• In Virginia, the Traditionalist American Knights of the Ku Klux Klan distributed fliers in March in four subdivisions of Chesterfield, south of Richmond and put out more fliers in a different subdivision in the county of more than 300,000 on Wednesday, according to media reports.

"This is their latest effort to recruit and get attention," Potok said. At least a half dozen other Klan groups operate in Alabama, according to his organization's data.

However, Potok said this isn't a sign the Klan, formed in December 1865 and America's oldest hate group, is growing in numbers.

"It's always concerning to hear about these activities, but this does not signal a resurgence in the Klan," he said. His organization estimates that all Klan factions have 5,000 to 8,000 members in the USA.

Rogers said Tallassee police received more than 50 phone calls from residents who said they were uncomfortable with the information the flier contained.

The flier asked for "Intelligent, awake, aware, Christian, white people to stand up for our race, our heritage and the American way of life." Further in the flier, it states the organization of the Ku Klux Klan is not a hate group or domestic terrorists, but rather white people standing up for white people.

Eddie Daniels saw nothing wrong with an organization having such a goal.

"I don't think there's anything wrong with supporting your own race. White people support white people just like black people support black people. It's not like they're burning crosses or anything like that."

Some branches of the Klan, which has dozens of offshoots today, have toned down blatant racism and openly militant approaches and instead tout civil rights for whites, according to the Southern Poverty Law Center.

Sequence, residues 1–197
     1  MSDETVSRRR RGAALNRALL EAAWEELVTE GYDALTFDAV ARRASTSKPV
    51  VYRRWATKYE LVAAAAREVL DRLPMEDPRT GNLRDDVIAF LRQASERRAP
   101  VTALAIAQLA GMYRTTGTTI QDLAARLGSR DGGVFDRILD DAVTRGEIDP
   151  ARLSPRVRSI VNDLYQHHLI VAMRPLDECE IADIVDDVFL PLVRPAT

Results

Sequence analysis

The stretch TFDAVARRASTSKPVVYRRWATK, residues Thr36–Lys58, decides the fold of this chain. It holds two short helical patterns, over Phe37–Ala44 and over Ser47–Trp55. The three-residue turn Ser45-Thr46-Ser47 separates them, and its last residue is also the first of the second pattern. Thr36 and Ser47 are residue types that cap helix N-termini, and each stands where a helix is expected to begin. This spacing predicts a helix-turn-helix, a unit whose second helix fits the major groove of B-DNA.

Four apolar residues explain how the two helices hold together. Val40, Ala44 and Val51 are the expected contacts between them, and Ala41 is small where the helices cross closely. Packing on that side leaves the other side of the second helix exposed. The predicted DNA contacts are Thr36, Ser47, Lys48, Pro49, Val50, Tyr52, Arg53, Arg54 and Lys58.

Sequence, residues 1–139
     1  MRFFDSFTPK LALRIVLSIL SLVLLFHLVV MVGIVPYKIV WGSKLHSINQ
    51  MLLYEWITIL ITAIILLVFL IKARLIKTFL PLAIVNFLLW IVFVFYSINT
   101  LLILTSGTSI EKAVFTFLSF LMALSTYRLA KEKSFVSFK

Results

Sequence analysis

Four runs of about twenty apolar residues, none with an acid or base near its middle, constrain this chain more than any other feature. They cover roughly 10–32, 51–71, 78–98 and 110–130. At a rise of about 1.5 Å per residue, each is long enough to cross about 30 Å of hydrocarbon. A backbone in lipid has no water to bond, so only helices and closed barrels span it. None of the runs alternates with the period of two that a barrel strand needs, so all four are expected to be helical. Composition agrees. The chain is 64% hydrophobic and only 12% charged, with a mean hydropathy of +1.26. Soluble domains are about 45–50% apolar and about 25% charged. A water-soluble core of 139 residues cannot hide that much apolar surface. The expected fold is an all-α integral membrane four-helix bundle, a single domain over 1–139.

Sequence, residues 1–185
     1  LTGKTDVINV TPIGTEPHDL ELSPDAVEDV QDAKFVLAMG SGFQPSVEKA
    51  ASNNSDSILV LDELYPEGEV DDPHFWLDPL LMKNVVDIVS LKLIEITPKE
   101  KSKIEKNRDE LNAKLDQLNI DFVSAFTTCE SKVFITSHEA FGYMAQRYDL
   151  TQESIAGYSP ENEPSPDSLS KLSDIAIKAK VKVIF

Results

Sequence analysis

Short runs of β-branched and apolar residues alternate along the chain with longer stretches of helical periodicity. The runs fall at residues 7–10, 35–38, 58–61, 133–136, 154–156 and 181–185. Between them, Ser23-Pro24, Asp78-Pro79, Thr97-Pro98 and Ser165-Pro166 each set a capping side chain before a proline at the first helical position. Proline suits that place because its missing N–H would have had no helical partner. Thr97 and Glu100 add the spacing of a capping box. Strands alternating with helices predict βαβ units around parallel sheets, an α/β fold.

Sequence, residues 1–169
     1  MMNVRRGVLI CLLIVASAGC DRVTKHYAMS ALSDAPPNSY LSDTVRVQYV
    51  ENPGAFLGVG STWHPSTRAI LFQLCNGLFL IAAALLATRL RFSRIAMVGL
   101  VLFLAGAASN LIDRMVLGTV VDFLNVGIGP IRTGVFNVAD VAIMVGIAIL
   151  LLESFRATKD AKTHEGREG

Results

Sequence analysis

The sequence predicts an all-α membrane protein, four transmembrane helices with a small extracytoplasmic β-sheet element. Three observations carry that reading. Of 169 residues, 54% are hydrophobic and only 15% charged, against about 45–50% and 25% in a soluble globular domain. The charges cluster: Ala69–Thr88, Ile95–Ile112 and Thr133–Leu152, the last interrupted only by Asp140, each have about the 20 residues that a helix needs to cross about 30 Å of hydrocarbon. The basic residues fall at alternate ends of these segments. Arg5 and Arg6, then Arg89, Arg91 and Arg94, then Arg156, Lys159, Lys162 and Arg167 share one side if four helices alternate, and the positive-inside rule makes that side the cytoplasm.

City Councilman Charles Blalock said the bottom line is for Tallassee residents to stay calm and ignore the message.

"There might be someone out there trying to stir up trouble here, but we are strong-willed people in this town, and we're not going to let something like this upset us or cause any problems between the race relationships that we have," Blalock said.

Ancona said he is waiting to hear back from local leadership on why the group chose Tallassee.

"People who are in leadership positions in local communities, we trust them to know what's best for their community," said Ancona, who also said no one from the local chapter would be available to speak on the matter because they want to remain anonymous.

Ancona said the biggest misconception about the group is a hatred of black people. The group is opposed to interracial marriage, and he said a lot of blacks he has talked with are in agreement.

"That does not mean we cannot be friends with people of other races, but God created us as separate races for a reason, and let's keep it that way," he said. He also said the Klan opposes gay people because they make a choice to sin.

While statements like these upset many people, police chief Rogers said the Constitution protects those views absent any violence or other hateful actions. So the only charge residents can pursue against those who distributed the fliers is criminal littering.